vMX and Azure VNET peering

SOLVED
chrisan99
Conversationalist

vMX and Azure VNET peering

I have deployed a vMX into MS Azure. Following the deployment guide, the vMX sits in its own Resource Group, in a dedicated VNET and Subnet.

 

The vMX is configured to be a VPN Hub.

 

Within the Dashboard, the vMX looks healthy.

 

I have a test branch acting as a spoke, which has an AutoVPN tunnel formed to the vMX.

 

 

Within Azure, I have a separate server Resource Group, VNET, Subnet with a VM. I want the spoke site to be able to connect to this VM.

 

In the vMX, I have defined this server subnet under the "VPN settings" "Local networks".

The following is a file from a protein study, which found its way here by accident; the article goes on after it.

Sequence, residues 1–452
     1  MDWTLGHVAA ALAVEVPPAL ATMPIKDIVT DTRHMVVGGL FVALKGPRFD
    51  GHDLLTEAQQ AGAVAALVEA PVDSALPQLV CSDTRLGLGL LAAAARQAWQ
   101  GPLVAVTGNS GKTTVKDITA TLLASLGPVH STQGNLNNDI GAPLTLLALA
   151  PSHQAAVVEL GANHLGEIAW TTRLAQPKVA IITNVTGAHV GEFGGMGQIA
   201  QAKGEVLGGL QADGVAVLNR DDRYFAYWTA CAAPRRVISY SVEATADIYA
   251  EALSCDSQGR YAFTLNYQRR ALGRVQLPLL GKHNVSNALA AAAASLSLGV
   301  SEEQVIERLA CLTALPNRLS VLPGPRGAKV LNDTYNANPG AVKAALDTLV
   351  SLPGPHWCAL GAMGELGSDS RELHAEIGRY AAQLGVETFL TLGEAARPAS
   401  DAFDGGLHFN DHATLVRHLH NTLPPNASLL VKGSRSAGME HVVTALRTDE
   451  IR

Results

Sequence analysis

Now for the problem - the vMX VNET and server VNET are not peered, and I'm unable to peer them due to the following error:

 

"Failed to add virtual network peering 'vMX-to-Server' to subscription ... The client <my-email-address> with object id <abc-123> has permission to perform action .... write on RG-vMX; however the access is denied because of the deny assignment created by the managed application"

 

Essentially, the Azure RG I created acts as a container for the vMX and it's objects (including the VNET). This RG is very restrictive and doesn't allow me to setup peering to existing VNETs within Azure.

 

I have a support case open with Meraki, but I believe they're struggling to understand the problem.

 

MS Azure support have confirmed the permissions are due to the managed application (the vMX).

 

Does anyone have any pointers to assist with the VNET peering setup?

 

Thanks

Chris

 

 

1 ACCEPTED SOLUTION